For me, this design is all about the obverse: the visage, the headdress with its gentle downward slope, and the intricate feather detail. All of it combines to form one of the most distinctive and realistic portraits ever executed on a U.S. coin. The Indian Head/Buffalo nickel that debuts five years after this design’s debut leans more on this aesthetic than the one used by Saint-Gaudens on the Indian $10.
In Mint State, this is a prohibitively expensive coin. One of a trio of Indian half eagle key issues, the 1909-O is probably the rarest of the three in absolute terms. Truly nice examples survive, but they are highly-coveted six-figure coins that tend to find long-term homes in historic collections. A wish dream of a 20th-century coin if ever there was one.
1936 Gettysburg Half Dollar in High Grade with Nice Toning
I’ve listed some way beyond my budget classics on this list so far, and it’s almost certain that I’ll never afford them. The 1936 Gettysburg half dollar does not fall in that same category, and even though it is one of my very favorite U.S. coin designs, I’ve never made the leap to purchase one. It’s not that it’s a prohibitively expensive coin, it’s just that my collecting pursuits have never put me in a position to prioritize purchasing one. In reflecting on that, I wonder why? Certainly, I could have done without something in the past ten years that would have cleared up the budget to finally buy one.
This half dollar was struck at the height of the classic commemorative coin boom. House Resolution 11533 was introduced in April 1936 and passed in May. The Pennsylvania State Commission selected artist Frank Vittor to design the coin’s obverse and reverse, and in my opinion, he did a great job. The Commission had hoped that they could increase interest in the issue by having all three mints strike the coin. They even produced three-coin holders that inform the buyer that 20,000 pieces were struck at Philadelphia, 15,000 at Denver, and 15,000 at San Francisco. This was not the case. 50,028 coins (28 for Assay) were struck at Philadelphia and 23,1000 of those went unsold and were melted, leaving a distribution of 26,900.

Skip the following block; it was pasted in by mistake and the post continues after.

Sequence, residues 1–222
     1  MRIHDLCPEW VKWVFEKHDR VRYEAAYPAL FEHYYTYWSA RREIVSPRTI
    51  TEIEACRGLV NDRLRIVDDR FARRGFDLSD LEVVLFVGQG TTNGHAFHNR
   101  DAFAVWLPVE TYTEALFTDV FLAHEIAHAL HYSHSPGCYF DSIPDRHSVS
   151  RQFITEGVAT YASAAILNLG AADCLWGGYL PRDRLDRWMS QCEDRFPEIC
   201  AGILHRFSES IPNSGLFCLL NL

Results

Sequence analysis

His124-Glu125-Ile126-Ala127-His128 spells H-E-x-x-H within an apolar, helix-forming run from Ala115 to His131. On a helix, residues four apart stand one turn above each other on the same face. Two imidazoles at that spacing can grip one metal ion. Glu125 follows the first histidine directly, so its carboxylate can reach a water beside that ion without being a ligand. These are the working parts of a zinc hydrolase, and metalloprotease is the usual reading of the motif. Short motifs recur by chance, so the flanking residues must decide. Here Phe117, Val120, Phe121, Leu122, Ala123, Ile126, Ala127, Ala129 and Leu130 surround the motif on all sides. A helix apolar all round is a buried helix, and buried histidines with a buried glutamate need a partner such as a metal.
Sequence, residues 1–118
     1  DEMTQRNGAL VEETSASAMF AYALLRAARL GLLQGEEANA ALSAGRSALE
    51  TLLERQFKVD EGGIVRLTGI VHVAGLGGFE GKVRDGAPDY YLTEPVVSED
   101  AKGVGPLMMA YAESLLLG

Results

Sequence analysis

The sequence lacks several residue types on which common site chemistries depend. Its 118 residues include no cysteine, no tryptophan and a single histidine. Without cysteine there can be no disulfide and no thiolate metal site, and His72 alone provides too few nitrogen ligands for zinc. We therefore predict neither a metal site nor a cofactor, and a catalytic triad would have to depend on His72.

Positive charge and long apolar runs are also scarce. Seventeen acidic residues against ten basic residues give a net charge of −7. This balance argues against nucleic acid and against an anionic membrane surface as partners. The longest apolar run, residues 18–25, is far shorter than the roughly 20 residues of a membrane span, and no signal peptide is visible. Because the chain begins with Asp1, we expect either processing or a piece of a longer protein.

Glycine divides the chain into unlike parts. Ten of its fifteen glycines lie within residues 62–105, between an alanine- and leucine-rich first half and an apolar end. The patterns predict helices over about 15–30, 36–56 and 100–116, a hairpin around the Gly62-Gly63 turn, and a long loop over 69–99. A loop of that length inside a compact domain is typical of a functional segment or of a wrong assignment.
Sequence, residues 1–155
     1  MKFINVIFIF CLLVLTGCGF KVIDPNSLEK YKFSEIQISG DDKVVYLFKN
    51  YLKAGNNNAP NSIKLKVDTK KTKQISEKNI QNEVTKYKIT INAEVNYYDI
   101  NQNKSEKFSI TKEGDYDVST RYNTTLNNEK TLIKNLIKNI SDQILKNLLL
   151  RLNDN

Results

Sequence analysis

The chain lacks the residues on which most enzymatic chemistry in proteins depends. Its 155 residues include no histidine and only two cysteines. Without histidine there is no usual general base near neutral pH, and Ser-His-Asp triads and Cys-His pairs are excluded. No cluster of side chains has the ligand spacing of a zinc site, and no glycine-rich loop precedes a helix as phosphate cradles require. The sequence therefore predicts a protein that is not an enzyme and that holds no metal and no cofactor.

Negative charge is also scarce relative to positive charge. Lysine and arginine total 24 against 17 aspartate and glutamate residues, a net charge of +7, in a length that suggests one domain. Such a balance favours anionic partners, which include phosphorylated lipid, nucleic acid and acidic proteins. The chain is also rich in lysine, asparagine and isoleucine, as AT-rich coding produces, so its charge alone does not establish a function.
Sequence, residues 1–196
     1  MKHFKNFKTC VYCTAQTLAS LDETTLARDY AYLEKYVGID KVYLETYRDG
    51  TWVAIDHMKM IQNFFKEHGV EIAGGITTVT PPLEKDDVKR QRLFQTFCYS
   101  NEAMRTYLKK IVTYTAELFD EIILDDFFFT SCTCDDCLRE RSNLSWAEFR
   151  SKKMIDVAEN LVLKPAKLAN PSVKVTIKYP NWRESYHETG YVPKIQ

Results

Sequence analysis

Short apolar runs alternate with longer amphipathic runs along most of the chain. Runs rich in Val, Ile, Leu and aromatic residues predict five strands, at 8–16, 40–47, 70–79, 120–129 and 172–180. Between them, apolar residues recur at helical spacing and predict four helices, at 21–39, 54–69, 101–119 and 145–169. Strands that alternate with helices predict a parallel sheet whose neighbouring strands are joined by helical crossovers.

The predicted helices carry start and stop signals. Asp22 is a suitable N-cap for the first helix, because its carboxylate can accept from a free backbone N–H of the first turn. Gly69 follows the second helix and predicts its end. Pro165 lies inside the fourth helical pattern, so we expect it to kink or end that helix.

Today, a Gem Gettysburg half can be had for $600 to $750. A large accumulation of them turned up recently and was being sold through various dealers. The coin above is an attractive upper-end example with an interesting auction history. Offered by Stack’s Bowers in January 2006 as part of The Robert Michael Prescott Collection, the coin sold for $8,625.
In August of that year, the coin sold again for $27,600. The reason for the price increase? In January the coin was housed in a PCGS MS67 holder. In August it was offered as an NGC MS68*. Same beautiful coin.
1950 Franklin Half Dollar in Proof 67-68 DCAM
Franklin half dollars are interesting coins. Proofs with Deep Cameo contrast occurred so infrequently in the early years of the series that they are essentially separate and apart from run-of-the-mill Franklin Proofs. They also fetch extraordinary premiums whenever an ultra-PQ one makes an appearance. Business strikes come with their own rules of the game. Here strike, luster, toning, and high state of preservation transform common modern coins into exotic mid-century numismatic trophy coins. I prefer the short simplicity of the Proof series and find the early (1950-1953) Proofs to be the most fascinating.